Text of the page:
The battle of wounded knee

Right. That’s it.  I’ve joined a gym and the French holiday weight is coming off.  I need to lose it in time to put it back on at Christmas, and time is ticking.  If you see me near a bag of crisps, shoot me.

It was a great retox holiday, but now it’s time for the detox.  The final push I needed happened earlier this week. I got back from a three-mile run, and for the first time ever, I could feel my dodgy knee complaining as a direct result.  It’s usually other things that set it off:   too much gardening, kneeling, and most catastrophically, some years ago, climbing Helvellyn on what should have been a rest day after another long yomp.

Talk about tempting fate.   Here’s how it happened: A friend and I had trudged up Helvellyn via the zig-zag pony track route, and on over the top, heading for Dollywaggon Pike.   Only a few minutes after passing the summit I happened to comment: “I’m so lucky I’ve never had any problems with my knees.”  And that was it.  Moments later, agony. Weird.

A very long and painful walk back down Dollywagon and Grisedale that was, I can assure you.  Grisedale is a jolly long trudge at the best of times, but with only one working knee it literally took hours.

These days my knee is, broadly speaking, behaving itself.   But pounding the pavements in a somewhat overweight state does seem to be asking a lot of any knee, especially one that’s been bending and bumping and grinding for the best past of five decades.  There must be only so much pounding a piece of cartilage can take before it rises up, or more to the point, wears down.  And Arthur Itis is no fun to live with.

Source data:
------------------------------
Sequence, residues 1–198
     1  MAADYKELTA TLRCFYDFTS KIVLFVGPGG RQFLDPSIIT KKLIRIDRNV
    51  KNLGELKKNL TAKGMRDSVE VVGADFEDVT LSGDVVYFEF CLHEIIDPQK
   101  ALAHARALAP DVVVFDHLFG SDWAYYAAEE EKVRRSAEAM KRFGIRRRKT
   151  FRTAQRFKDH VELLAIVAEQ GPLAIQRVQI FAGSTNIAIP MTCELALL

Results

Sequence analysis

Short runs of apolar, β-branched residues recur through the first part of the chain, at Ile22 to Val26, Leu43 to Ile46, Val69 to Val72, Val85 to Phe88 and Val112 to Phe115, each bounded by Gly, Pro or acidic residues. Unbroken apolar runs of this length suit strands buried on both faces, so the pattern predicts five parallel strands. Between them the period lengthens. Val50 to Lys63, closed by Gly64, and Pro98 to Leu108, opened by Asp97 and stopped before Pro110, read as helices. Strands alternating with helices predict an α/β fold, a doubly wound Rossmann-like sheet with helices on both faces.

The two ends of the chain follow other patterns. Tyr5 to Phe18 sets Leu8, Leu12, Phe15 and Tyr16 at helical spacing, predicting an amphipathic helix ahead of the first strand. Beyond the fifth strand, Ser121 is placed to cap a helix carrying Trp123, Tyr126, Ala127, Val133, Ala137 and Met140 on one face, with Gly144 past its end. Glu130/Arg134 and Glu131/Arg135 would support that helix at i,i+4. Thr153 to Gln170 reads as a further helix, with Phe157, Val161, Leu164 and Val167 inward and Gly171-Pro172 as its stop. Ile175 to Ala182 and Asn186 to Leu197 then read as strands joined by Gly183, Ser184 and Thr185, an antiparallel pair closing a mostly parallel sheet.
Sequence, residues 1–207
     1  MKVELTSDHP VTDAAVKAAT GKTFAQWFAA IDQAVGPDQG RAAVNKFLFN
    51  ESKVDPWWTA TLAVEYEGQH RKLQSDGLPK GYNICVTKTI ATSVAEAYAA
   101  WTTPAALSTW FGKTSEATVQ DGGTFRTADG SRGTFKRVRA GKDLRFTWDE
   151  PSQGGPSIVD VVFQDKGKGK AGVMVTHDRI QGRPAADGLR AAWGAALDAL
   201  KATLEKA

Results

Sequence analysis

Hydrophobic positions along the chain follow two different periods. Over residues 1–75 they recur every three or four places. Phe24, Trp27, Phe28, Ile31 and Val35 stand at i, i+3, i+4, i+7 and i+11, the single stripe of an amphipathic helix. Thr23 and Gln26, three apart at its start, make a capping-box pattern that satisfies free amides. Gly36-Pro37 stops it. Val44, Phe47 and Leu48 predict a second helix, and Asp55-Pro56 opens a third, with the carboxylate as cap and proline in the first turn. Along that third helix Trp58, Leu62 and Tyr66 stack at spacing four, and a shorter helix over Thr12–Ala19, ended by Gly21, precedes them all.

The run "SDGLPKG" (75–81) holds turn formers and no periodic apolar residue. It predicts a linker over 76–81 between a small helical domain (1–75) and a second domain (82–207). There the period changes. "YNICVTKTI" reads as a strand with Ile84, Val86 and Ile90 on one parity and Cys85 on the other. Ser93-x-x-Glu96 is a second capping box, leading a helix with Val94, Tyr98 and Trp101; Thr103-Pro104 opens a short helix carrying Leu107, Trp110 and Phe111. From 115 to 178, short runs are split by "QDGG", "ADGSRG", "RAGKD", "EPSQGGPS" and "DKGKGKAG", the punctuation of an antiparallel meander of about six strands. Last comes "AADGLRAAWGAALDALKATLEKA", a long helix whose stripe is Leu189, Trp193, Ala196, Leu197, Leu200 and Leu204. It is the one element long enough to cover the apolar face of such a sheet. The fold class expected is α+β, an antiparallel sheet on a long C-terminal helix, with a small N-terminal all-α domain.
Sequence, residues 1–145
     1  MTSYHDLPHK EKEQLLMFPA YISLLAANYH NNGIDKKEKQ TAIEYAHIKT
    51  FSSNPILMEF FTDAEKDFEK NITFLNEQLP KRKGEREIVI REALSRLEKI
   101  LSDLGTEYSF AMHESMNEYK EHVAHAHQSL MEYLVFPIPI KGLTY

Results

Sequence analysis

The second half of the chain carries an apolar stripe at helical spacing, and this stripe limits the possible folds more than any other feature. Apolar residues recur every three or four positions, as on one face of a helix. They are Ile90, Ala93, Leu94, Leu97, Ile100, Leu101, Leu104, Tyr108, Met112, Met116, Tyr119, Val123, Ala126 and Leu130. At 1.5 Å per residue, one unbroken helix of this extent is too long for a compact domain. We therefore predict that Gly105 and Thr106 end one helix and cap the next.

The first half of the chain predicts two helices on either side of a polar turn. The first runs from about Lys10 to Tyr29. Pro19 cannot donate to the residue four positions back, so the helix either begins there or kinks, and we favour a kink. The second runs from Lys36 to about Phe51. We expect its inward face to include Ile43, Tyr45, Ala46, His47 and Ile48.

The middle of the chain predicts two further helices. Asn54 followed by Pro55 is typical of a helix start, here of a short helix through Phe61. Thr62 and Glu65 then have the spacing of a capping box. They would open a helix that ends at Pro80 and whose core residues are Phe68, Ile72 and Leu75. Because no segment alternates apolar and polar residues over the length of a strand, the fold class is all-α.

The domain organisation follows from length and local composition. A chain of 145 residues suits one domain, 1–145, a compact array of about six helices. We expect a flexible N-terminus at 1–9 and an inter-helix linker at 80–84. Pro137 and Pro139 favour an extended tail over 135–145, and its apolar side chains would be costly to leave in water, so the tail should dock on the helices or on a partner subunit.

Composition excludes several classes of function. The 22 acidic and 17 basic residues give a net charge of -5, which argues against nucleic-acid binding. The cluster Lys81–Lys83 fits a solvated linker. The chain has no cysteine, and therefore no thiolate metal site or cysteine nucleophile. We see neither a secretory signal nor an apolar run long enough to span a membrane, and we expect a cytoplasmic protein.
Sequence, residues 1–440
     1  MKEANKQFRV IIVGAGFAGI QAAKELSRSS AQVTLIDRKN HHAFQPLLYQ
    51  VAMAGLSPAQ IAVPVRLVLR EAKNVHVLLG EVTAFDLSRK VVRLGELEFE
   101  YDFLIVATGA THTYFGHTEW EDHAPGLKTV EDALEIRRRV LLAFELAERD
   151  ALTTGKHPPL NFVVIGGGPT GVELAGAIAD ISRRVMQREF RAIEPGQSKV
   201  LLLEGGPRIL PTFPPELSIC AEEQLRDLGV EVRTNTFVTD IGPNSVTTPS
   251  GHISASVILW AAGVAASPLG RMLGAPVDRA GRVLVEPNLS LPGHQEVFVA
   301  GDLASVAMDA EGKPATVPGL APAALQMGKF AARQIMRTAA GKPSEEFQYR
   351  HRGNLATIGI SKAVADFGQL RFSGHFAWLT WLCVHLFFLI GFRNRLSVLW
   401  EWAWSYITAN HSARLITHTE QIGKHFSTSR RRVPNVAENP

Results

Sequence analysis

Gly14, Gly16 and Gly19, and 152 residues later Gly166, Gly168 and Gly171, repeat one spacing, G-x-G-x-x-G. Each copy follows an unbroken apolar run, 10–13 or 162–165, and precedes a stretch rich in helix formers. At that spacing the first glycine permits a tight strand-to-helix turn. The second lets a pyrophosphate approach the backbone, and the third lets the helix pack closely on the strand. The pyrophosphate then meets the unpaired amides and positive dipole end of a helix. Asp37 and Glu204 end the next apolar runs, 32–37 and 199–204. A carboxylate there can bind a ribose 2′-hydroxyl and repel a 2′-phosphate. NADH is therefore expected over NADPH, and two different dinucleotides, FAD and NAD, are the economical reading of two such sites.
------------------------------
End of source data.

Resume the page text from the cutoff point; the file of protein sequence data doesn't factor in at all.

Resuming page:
If my knee ever gets so bad that I can’t run, I’ll probably just implode into some kind of stress-fuelled black hole.  There’s just something about running that nothing else achieves: rhythm, relaxation, hypnosis, hormones, endorphins? Whatever it is, I seem to need it.   If I can’t run, I’m stuffed.

I want to be slimmer: I also want to eat all the bad stuff.   Like so many other things in life, I simply have to decide which I want more.

So, it’s back to the gym for lots of lovely low-impact training until the weight has gone.  This lunchtime, on my first visit, I went for a main course of cross-trainer, bike and rowing machine, with a bit of a swim and steam room for dessert.

Afternoon tea was an hour’s digging on the allotment, which I believe still exists somewhere under all those weeds.

The gym membership is on a two-week trial, so that gives me an excellent short-term focus.  It also coincides with more time off work, which gives me plenty of opportunity to exercise, and fewer excuses for feeding my face all day.

Here’s hoping my colleagues won’t recognise the slender, svelte athlete who slinks into the office a couple of weeks from now…

4 thoughts on “The battle of wounded knee

  1. Good luck with your exertions – I look forward to seeing the startling results.
    I can also recommend the benefits of resting, walking & swimming on a small Mediterranean island (Formentera), but that may not be included in your introductory gym package.

  2. You’ve inspired me to get back to the gym. I also read in the Evening Standard tonight about lots of City-types who have lost masses of weight really quickly by fasting for 2 days a week. It apparently works slightly slower if you fast just one day a week.

    And I agree with your sentiment that you need to get the pounds off in order to put them back on at Christmas🙂

    1. Enjoy the gym if you get there. My weight loss has been slightly blown off course by a pub lunch and a birthday celebration. Key lime pie, what can I say! I’ve heard a lot about the fasting too – I might give it a go at some point.

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